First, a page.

By Dan Post
Illustration by Holly Randall
Arizona Daily Wildcat
Wednesday, May 4, 2005
There are more than 180 nations that signed on to the Global Nuclear Non-Proliferation treaty, and only nine of them are nuclear weapons states (India, Pakistan and Israel are nuclear states that aren't signed on to the treaty). The treaty demands that the non-nuclear countries not acquire any weapons, on the condition that weapon holding countries like the United States begin programs of disarmament. Every five years, the member countries meet at the United Nations to review the progress of the treaty. This year, it seems that things are going in the wrong direction.
On the eve of the conference, North Korea launched a short range missile into the Sea of Japan. Then Kim Jong Il called George Bush a "philistine" and a "hooligan." Iran announced that it wants to build 3,000 centrifuges for uranium enrichment for peaceful, electricity generating purposes. Their foreign minister accused the United States of using its power to keep the positive benefits of nuclear technology out of less-developed nations' hands.
Bush's spokesmen responded with equally sharp language, calling Kim Jong Il a "bully" and "not a good person." They responded to Iran's nuclear aggression with some aggression of their own, demanding Iran halt their nuclear programs completely. They are paranoid that Iran's true intentions are to build weapons.
Yet the Bush administration isn't exactly pacifist itself. This month the administration announced plans to pursue low-yield nuclear bunker busting technology. These nuclear weapons can destroy underground facilities and, if aimed at underground facilities near urban areas, could kill up to 2 million people, according to a study by the National Academy of Sciences. Linton Brooks of the National Nuclear Security Administration, claims that the United States' nuclear stockpile "inherited from the Cold War may not be the right stockpile militarily," adding that "we have no capability against hard and deeply buried targets. Our systems are unsuited for some specialized missions."
Of course the United States and its nuclear weapons supporters claim that the weapons are merely for the deterrence of nuclear war. This argument obviously has some merit. No country would dare start a nuclear war with the United States; we would respond by unleashing the largest nuclear arsenal in the world. But would the United States threaten to use a nuclear weapon pre-emptively? Many who opposed the Iraq war felt that its pre-emptive nature was leading the country down a path toward pre-emptive nuclear war. This is an option that many non-nuclear states are clearly threatened by, and it is driving the rising tensions on the global nuclear scene.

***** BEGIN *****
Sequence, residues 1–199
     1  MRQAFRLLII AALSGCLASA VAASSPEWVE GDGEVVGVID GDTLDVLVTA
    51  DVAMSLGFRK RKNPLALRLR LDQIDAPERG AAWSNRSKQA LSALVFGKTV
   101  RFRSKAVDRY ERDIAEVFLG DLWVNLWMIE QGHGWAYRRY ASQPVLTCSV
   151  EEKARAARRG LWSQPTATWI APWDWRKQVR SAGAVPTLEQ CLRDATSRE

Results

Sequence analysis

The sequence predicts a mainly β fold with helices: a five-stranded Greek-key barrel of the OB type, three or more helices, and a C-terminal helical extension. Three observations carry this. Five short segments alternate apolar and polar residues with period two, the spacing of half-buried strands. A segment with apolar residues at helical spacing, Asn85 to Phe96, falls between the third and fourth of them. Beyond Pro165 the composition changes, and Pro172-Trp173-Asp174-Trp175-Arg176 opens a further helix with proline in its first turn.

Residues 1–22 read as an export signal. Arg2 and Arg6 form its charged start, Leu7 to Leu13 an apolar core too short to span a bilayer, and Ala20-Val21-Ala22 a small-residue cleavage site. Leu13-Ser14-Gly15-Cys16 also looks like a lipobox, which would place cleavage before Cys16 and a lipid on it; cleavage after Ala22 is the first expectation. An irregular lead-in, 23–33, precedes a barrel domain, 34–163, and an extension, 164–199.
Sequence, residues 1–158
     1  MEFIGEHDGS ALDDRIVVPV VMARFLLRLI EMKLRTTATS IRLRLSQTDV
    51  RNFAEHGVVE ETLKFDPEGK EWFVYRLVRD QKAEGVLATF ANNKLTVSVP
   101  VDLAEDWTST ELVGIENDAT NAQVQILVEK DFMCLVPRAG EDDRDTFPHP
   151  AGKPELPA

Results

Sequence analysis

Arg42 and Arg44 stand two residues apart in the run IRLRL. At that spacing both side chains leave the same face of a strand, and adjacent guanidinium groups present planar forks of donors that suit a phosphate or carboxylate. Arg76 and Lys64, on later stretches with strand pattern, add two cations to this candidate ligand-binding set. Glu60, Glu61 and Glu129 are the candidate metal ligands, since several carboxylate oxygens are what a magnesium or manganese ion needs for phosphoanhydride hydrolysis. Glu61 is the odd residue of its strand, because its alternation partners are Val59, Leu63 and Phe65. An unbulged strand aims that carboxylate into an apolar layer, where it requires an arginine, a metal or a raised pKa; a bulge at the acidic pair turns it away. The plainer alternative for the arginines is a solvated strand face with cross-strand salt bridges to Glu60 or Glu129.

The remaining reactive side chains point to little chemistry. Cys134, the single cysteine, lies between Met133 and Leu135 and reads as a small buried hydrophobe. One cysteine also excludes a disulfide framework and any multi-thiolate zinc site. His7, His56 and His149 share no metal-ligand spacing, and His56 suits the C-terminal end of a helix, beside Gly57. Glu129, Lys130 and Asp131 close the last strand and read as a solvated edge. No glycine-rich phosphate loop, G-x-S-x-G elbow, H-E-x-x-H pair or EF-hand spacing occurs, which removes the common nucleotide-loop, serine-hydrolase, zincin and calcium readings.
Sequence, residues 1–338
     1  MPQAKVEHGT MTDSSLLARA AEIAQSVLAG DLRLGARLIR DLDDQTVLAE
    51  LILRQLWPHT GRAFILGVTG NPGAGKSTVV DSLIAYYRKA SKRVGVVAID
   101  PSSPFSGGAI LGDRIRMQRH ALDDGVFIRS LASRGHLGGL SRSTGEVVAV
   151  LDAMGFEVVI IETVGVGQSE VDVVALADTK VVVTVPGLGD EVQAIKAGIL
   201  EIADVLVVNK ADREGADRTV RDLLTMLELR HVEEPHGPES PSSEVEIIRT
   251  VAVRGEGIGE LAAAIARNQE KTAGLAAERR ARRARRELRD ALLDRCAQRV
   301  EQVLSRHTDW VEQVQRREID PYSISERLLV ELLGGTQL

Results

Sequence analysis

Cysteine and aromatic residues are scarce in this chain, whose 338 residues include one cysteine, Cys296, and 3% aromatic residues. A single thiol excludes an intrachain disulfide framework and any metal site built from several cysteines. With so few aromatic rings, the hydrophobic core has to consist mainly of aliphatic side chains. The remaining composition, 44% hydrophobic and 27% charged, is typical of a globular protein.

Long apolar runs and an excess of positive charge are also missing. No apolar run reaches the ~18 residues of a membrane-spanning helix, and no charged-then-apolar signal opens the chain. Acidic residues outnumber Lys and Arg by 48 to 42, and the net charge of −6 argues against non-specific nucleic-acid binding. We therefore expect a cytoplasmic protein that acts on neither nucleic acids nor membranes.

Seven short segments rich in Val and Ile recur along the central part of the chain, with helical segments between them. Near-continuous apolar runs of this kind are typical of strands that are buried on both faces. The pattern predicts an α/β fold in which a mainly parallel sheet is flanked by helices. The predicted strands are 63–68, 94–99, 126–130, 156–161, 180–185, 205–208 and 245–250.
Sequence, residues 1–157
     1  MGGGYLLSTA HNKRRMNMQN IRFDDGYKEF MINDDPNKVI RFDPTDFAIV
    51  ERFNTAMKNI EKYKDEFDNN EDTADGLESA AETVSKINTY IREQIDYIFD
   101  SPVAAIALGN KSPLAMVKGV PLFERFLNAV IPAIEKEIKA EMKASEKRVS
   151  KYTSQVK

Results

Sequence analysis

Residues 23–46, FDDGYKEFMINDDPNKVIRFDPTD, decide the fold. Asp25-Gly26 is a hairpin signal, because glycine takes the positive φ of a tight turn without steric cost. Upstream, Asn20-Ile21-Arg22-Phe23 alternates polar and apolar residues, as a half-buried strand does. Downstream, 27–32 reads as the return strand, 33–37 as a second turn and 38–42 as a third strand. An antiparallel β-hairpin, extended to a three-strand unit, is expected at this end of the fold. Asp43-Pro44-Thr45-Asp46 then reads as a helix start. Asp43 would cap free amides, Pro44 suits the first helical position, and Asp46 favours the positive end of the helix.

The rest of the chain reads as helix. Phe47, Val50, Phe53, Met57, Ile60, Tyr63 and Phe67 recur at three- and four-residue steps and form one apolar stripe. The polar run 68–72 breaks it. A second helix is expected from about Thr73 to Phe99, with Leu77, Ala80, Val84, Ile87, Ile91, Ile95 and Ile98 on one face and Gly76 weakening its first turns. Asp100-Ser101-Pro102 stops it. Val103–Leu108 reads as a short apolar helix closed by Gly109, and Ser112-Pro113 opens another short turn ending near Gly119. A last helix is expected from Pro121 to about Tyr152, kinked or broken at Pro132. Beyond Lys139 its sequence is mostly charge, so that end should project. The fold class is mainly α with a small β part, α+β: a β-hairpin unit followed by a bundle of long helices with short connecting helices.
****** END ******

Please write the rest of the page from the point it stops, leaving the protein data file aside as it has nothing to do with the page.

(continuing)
These non-nuclear countries are asking the United States for negative security assurances which are promises that the United States won't act preemptively with nuclear missiles. As the United States has so far refused to make such promises, escalating conditions such as those between America and North Korea and Iran are understandable - these countries feel threatened by American foreign policy and are protecting their own interests.
Of course, the United States is equally scared that North Korea and Iran are developing a pre-emptive strategy, and uses this as a reason for its current steps toward proliferation. This cyclical bickering leaves open the realm of preemptive action and no progress ever gets made.
But progress can be made if the United States takes the lead. It would be smart policy to end any new research and development on nuclear weapons here in the states. To the rest of the world, such research and development of bunker busters looks hypocritical, dishonest, and frightening. Because America has handfuls of nuclear warheads left over from the cold war, we don't need bunker busters to maintain a policy of nuclear deterrence. If these policy changes were implemented, and we truly committed to disarmament, the global nuclear crisis might begin to recede.
Plus, the bunker busting research and development is costing well over a $100 million, which would be much better spent in other nuclear related areas of homeland security.
In reports obtained by The Washington Post yesterday, the federal government examined its own preparedness to deal with a nuclear attack on a major U.S. city. The reports found that first responders and emergency workers are grossly under funded and undereducated; if such an attack happened, emergency workers would likely be unable to effectively minimize casualties. Additionally, reports described the country's lack of a nuclear alert system - as it currently stands there is no national alarm system for nuclear attack - and as a result, the potential for large amounts of casualties in the case of a nuclear attack remains high.
Rather than taking an aggressive and risky foreign policy approach to nuclear proliferation, the United States would be better served in compromising to some of the demands of the non-nuclear states and spending more money on nuclear attack readiness here at home.
Dan Post is an anthropology and ecology senior. He can be reached at firstname.lastname@example.org.